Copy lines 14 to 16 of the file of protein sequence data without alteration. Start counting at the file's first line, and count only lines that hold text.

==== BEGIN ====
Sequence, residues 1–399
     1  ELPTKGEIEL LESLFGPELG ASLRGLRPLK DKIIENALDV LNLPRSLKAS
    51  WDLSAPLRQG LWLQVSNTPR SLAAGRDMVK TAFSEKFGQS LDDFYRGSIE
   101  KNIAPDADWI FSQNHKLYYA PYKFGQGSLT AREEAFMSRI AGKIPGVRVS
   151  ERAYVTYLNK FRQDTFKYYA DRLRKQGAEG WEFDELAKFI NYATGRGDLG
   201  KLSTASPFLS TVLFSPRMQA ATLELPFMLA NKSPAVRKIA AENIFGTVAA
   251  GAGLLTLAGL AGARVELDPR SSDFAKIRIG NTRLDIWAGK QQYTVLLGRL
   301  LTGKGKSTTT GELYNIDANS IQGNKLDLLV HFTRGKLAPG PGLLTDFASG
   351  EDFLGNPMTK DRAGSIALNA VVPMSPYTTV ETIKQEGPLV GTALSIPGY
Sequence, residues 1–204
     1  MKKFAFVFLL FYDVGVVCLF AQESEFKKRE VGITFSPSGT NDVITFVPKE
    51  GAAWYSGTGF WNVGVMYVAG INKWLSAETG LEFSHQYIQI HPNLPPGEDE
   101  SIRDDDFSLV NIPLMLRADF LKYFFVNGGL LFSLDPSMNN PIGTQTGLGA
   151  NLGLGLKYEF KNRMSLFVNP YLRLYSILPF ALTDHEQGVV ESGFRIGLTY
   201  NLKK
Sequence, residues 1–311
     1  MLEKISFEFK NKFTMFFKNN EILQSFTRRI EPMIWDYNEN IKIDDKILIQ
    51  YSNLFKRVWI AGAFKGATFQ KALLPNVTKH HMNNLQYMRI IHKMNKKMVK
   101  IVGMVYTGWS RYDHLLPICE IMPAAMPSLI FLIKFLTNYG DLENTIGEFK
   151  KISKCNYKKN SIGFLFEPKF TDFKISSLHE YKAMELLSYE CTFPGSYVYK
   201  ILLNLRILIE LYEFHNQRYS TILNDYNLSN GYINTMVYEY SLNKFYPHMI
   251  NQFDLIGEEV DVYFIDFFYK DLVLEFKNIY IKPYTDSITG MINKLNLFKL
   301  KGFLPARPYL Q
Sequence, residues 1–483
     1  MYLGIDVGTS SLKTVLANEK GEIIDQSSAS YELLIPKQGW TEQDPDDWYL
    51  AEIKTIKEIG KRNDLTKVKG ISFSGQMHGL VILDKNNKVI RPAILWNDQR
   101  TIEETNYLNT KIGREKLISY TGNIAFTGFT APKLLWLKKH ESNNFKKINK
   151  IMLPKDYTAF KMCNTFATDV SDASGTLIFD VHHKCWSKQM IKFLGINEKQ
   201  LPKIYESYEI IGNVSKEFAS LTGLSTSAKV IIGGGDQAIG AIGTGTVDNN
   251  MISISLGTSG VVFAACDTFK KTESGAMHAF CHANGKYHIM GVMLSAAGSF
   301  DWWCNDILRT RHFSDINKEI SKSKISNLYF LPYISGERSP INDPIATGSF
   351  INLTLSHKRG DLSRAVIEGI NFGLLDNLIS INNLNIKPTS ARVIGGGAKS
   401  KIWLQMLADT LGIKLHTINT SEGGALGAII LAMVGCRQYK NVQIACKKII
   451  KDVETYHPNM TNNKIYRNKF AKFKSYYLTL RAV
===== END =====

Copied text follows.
   151  NLGLGLKYEF KNRMSLFVNP YLRLYSILPF ALTDHEQGVV ESGFRIGLTY
   201  NLKK
Sequence, residues 1–311